What’s a barstaurant, you ask? We define it as a bar you’d have no trouble going to just for drinks—but which offers such an ambitious menu, it’s a bona-fide restaurant too.
(What’s Miyabi 45th? Only the hottest new Japanese gastropub in town, from the chef of the late Chez Shea.)
We checked out the old favorites (hey Quinn’s!) and the new ones you’ve been meaning to get to (we’re lookin’ at you, Von Trapp’s, Bait Shop, Bar Cotto)—and for every joint that made the cut, we give up the intel on what to drink, what to eat, and who to expect beside you on the barstool.
We think it adds up to a pretty good example of that thing we do here at Seattle Met: Identifying the prevailing winds in this city, then supplying you with the definitive guide to where they’re blowing strongest. The barstaurant trend has been with us since speakeasies like Tavern Law’s Needle and Thread started popping up in secret locations all over town in around 2009…or make that a few years earlier, when Black Bottle kicked off the small-plates-with-good-booze trend….or, no, since 2003, when Sambar started applying the rules of French sauces to the construction of craft cocktails.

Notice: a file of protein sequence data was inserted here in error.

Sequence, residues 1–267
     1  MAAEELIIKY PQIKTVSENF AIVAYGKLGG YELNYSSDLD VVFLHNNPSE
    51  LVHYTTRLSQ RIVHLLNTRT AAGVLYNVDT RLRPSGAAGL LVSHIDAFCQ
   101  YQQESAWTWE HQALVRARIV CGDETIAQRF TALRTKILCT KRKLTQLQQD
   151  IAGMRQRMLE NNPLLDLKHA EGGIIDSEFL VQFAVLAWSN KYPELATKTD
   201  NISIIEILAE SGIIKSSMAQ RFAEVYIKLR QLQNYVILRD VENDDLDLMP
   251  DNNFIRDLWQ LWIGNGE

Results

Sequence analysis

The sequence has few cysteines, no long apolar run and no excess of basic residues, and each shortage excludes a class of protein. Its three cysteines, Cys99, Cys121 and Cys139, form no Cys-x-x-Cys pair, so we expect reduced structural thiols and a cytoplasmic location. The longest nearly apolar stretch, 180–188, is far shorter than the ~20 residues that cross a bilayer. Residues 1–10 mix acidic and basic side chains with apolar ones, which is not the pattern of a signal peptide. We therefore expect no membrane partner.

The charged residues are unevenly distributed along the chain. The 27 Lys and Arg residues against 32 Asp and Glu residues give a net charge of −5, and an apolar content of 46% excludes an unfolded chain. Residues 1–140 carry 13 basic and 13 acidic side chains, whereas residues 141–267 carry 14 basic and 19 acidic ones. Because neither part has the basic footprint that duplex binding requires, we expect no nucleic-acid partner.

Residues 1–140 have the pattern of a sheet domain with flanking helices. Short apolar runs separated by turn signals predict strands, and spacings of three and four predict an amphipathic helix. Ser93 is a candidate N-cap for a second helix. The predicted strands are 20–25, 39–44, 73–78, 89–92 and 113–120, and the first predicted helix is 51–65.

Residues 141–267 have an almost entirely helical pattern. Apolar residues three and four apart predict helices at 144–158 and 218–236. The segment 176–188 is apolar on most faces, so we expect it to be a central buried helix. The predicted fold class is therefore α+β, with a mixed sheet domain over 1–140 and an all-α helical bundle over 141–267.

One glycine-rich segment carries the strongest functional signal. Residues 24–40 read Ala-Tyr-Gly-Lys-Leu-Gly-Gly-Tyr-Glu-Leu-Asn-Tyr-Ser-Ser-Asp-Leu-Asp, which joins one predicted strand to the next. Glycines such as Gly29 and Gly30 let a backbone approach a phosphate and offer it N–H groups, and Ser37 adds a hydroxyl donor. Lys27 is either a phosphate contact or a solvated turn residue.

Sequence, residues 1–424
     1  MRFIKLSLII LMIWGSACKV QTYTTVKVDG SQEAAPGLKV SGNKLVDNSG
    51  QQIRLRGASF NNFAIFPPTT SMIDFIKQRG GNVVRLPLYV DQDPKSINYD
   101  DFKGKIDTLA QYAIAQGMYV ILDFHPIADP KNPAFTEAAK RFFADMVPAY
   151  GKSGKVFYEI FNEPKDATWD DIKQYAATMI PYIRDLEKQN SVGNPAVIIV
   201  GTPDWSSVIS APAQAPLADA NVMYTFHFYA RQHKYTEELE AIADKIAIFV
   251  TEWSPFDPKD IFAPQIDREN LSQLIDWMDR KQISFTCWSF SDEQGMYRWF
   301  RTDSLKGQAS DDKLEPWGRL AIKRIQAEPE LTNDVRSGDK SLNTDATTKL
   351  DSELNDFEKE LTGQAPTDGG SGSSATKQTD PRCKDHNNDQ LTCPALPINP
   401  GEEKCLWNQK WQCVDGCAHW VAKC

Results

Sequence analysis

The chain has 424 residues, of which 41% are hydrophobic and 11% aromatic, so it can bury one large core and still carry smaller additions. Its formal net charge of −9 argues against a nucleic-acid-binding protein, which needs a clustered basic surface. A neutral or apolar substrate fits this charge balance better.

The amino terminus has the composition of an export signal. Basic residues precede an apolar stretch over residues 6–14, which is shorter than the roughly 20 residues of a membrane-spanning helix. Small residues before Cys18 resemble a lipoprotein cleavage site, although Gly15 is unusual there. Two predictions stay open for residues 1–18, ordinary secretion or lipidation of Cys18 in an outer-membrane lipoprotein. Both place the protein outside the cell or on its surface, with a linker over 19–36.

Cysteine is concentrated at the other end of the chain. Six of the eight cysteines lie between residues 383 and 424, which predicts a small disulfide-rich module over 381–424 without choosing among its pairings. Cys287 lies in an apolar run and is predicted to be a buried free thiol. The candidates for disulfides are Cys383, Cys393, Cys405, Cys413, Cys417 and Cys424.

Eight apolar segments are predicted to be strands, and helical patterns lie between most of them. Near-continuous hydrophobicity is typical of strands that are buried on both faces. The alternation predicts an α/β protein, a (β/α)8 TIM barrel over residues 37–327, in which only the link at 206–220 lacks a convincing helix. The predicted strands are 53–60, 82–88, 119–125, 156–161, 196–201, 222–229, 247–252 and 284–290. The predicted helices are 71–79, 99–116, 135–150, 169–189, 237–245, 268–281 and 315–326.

Scratch all that: Seattle’s barstaurants became a thing the day Seattle barman-savant Murray Stenson walked down the steps from Il Bistro, and hung his apron at Zig Zag Cafe.
Yep—our story gives you all that and more. What it doesn’t tell you is what to call these joints. Sure, there’s gastropub, but we think that’s got too beery an echo for places that are primarily about booze. There’s restobar. Barstaurant. Boozestro? Liquafe? Distillaurant?
No, no, no.
Surely you can come up with something better.